Archive for October, 2005

Questions of Racism

It’s interesting and rather coincidental that in the same week as Rosa Parks died and Mahmoud Ahmedinejad called for Israel to be wiped off the map, the “Kashechewan problem” blew up in the Canadian government’s face.

While the mainstream media was quick to point out Ahmedinejad’s racism and Rosa Parks’s contribution against it, there was no mention of the “r word” when it came to Kashechewan.

The fact that Natives have been brutally oppressed, have had their culture and identity stolen from them, and have been overall mistreated for several generations apparently has nothing to do with the “r word.”

As inane and remarkably stupid as Ahmedinejad’s comments are, at least he’s honest. He doesn’t like Israel.

The Jim Crow laws were bluntly racist and didn’t mask their discrimination with flowery words.

In Canada, though, the governments speak of “prioritizing the Indian issue” and moving ahead and this and that and that and this, but they do jack. They talk a good game but their actions are racist to the core.

The problems that face Kashechewan and countless other communities like it right across the country are nothing less than products of racism.

It’s about time someone owned up to that.

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Serendipity Strikes Yet Again

Today I was on campus downtown (for reasons I won’t specify) and had to be there for quite some time. At about 9:15 am I was walking into the ASSU office when I say my buddy Zain Shafiq (of Association of Political Science Students Vice-Presidential fame) walking to his office (which is in the same hall but is about six times smaller).

I wondered why Zain was on campus on a Saturday (nevermind the fact that he lives about fifteen minutes away by walk anyway) and he wondered the same. I found out that apparently there was a something called a UofT Day where high school students came and got information on many of the various programs offered by the University. Since I had a lot of time to burn I decided I’d join Zain, and help the APSS guy out.

So we got the University College, and I think we actually trekked back to Sidney Smith at least a couple of times to pick stuff up to jazz up the Political Science department’s booth. We also got t-shirts for UofT Day (which look a lot like this picture). I, of course, wasn’t really representing a department (and ASSU always decides not to participate in this) so I just kind of got it for no reason.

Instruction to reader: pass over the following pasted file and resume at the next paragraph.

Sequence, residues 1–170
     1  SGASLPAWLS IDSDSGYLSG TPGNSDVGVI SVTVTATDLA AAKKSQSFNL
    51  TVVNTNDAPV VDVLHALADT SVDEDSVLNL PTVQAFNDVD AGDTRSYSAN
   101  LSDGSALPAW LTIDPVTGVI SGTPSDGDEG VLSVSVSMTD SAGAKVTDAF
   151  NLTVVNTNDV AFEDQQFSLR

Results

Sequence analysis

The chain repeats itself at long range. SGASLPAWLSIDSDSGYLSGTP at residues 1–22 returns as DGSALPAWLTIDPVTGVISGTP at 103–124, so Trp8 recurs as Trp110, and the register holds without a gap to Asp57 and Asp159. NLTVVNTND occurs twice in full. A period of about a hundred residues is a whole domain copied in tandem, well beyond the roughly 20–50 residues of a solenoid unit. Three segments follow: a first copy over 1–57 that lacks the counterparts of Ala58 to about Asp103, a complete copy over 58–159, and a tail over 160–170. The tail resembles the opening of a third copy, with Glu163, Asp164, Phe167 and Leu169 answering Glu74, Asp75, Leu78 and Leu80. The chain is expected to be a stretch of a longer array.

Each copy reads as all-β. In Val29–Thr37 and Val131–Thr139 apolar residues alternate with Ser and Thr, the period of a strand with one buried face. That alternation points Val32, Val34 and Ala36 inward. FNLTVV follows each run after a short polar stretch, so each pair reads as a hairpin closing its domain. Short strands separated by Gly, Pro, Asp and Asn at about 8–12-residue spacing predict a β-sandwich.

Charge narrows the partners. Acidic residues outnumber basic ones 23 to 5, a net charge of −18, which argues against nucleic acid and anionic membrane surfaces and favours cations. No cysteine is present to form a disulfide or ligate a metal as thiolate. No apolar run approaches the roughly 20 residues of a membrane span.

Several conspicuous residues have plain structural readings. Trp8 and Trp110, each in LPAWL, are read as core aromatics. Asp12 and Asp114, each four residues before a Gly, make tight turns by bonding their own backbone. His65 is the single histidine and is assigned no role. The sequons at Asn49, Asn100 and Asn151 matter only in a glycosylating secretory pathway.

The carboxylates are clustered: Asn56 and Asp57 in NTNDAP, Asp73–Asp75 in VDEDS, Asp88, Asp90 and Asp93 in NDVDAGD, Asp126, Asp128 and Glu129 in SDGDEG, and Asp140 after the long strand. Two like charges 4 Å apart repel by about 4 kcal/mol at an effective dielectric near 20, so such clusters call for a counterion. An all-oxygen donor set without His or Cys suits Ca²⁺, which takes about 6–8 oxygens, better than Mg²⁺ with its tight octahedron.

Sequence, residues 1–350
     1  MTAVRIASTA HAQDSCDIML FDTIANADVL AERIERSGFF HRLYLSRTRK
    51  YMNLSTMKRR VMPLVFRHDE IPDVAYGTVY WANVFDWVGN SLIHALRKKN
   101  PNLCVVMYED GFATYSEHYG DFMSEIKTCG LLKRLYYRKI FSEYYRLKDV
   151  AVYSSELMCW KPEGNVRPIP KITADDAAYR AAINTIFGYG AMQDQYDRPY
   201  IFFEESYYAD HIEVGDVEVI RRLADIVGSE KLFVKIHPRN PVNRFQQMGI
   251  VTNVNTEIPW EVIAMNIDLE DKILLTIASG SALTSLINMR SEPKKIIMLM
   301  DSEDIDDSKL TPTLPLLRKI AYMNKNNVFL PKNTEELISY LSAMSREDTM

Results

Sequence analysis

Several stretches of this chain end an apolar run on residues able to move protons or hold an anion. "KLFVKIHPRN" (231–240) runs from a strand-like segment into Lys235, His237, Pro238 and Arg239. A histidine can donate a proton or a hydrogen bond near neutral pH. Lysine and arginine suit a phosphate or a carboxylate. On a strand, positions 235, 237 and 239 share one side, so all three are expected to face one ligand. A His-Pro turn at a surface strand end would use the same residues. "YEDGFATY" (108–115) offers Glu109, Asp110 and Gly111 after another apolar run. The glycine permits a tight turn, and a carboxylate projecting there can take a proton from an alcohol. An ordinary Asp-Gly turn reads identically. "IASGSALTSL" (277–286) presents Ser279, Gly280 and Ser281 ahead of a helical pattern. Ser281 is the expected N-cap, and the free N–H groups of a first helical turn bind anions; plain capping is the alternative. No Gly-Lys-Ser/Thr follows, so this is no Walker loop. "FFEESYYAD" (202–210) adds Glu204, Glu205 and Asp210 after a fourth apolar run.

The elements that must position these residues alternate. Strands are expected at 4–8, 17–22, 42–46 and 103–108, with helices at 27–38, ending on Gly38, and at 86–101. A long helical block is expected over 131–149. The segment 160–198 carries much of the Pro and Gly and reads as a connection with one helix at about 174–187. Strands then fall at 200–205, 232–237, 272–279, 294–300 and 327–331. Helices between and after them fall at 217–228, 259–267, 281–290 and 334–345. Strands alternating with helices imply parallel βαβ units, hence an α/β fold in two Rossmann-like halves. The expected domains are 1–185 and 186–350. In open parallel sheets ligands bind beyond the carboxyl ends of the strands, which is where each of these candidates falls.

After helping Zain set up the Political Science booth I went around introducing myself to pretty much every booth I got a shot at (considering I was competing with high school students, who kept turning around and asking me about whatever program’s booth I happened to be at). But I think I managed well, during the lulls, to meet a lot of new people. (I also managed to advise some students on how to get into medical school, pharmacy and law — that was predictable. Consider that I was really advising a guy’s mother — they were brown — rather than the guy himself about medical school; and when I tried to address the guy directly, his mother kept jumping back in..)

I met departmental administrators, department faculty, and students in departments (graduate and undergraduate). Many of the undergraduate students were actually members of various course unions (just like Zain). Many faces I knew, many others I didn’t.

What I didn’t like was the fact that they divided the “Arts” from the “Sciences” (the former in the West Hall and the latter in the East Hall). It’s bad enough that most university students don’t have the word “inter-disciplinary” in their vocabularies, but that kind of segregation isn’t helping anything. (It was nevertheless funny to find Fine Arts, Architecture and Music in the Science section). I think they should mix up the booths even more so people don’t all simply rush to ask how to get into medical school, but are confronted by — say Philosophy — on their way over to the Human Biology table. Something might catch someone’s eyes by mistake, and it wouldn’t hurt to help along serendipity.